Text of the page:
“Oh great”. That was Detroit forward Patrick Eaves’ rather tepid response to seeing his name next to that of the savvy utilitarian Danny Cleary, and the physics-defying magician Pavel Datsyuk, on the lineup sheet. Now if I were Patrick Eaves, I would be a bit more animated if I saw my name on a line with two of our best forwards.
People should remember, that Eaves scored 20 goals as a rookie when he laced up for the Senators. I am unaware of who Eaves’ lineys were in Ottawa, but I do know, that they were not Datsyuk and Cleary. If I had my way, Hudler would be skating with numbers 11 and 13. But coach Babcock apparently saw something in Eaves that persuaded him that the somewhat unproven forward is scoring line material. I think I see it too.
Whenever the recently retired Kirk Maltby scored for the Wings, our gregarious color man, Mickey Redmond, could always be relied on to say the following: “There are those fifty goal in junior hands, baby.” Yes, Mickey, we know Maltby scored fifty goals in junior, and we also know, that those hands stayed in junior.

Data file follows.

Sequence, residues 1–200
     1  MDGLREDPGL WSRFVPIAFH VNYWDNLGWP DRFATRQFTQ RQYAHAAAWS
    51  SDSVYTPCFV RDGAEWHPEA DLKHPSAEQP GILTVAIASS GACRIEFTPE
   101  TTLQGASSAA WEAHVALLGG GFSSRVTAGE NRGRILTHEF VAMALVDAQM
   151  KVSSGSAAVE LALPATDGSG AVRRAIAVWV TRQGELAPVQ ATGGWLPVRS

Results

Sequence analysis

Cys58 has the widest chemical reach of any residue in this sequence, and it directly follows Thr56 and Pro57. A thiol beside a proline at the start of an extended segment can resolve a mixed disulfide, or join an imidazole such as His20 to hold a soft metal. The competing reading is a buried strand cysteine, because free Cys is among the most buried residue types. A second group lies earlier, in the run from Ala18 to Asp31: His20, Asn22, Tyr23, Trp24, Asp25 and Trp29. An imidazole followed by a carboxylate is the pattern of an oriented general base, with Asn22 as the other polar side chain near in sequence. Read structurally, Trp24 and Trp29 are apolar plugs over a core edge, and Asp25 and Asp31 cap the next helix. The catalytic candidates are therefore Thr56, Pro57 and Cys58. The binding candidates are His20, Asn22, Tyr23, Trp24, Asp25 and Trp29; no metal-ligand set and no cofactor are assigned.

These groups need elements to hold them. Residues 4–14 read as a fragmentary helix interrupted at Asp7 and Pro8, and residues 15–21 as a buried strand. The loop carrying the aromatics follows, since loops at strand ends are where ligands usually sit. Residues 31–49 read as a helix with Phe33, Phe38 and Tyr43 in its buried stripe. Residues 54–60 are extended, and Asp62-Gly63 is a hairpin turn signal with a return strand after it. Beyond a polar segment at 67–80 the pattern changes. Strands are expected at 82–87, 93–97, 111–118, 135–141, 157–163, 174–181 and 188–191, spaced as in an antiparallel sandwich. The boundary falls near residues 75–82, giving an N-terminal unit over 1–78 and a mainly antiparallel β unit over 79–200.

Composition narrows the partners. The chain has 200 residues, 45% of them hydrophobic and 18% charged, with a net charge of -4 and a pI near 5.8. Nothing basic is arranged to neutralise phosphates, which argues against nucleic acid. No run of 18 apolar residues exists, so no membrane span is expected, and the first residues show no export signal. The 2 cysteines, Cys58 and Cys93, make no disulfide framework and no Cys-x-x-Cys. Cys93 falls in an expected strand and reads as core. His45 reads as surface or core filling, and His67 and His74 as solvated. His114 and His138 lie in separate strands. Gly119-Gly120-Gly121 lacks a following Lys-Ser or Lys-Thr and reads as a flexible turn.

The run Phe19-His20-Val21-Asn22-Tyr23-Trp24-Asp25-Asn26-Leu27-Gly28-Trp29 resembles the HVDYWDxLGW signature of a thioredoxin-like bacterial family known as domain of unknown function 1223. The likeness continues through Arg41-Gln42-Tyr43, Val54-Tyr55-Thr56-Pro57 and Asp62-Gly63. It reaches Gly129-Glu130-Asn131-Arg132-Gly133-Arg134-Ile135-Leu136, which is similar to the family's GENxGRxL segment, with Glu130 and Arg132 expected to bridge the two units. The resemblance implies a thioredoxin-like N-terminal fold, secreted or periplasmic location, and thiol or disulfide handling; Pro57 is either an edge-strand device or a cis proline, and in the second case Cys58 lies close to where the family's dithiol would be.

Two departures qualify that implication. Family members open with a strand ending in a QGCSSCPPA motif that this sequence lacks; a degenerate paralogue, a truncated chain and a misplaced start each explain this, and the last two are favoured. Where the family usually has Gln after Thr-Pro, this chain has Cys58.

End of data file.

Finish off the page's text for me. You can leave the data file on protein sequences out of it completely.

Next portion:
My point is, I initially thought Eaves would be a Maltby type player. A player that the literally colorful Don Cherry would describe as “cannon fodder.” Then, some moments came that gave me some pause. Although a checking line player, Eaves continually showed an ability to finish his chances with his impressive release, and those chances did not come often. Of course, that will change if Datsyuk remains his new centerman.
Eaves, to me, looks a bit larger than his six feet, 191 pounds. But if Eaves stays with Pav and Cleary, his job will be simply to get open, and six feet, 191 pounds, is certainly big enough to do that. It is undeniably true, that lines seldom stay together for an entire season, and the fact that Eaves is skating with Datsyuk and Cleary in training camp, certainly does not mean that things will stay that way. But this is certainly an intriguing experiment that doctor Babcock is conducting, and so far, the results have been encouraging. Let’s hope that Eaves can regain that scoring touch, and then some.